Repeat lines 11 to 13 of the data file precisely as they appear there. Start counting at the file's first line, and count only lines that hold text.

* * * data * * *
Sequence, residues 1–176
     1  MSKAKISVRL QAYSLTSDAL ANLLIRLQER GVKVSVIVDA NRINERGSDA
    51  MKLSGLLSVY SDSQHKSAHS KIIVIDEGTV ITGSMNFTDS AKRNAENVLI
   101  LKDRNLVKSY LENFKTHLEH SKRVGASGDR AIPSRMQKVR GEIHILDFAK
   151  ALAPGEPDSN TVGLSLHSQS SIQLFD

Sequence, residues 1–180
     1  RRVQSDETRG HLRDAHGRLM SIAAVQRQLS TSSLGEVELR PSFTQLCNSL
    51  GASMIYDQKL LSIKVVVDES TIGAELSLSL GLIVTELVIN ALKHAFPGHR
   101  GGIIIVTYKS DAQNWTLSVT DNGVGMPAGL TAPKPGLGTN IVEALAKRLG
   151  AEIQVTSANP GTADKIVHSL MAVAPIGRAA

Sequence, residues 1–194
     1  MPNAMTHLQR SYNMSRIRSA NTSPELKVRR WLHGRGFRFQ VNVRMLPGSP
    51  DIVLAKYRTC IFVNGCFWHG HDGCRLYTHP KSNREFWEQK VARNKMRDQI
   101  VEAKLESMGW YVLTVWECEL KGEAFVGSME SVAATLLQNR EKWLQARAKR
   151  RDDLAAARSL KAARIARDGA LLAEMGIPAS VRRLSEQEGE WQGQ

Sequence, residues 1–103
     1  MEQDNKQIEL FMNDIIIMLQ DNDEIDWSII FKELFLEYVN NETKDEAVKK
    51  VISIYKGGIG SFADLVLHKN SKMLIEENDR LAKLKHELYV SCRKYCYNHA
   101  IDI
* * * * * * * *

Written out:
Sequence, residues 1–194
     1  MPNAMTHLQR SYNMSRIRSA NTSPELKVRR WLHGRGFRFQ VNVRMLPGSP
    51  DIVLAKYRTC IFVNGCFWHG HDGCRLYTHP KSNREFWEQK VARNKMRDQI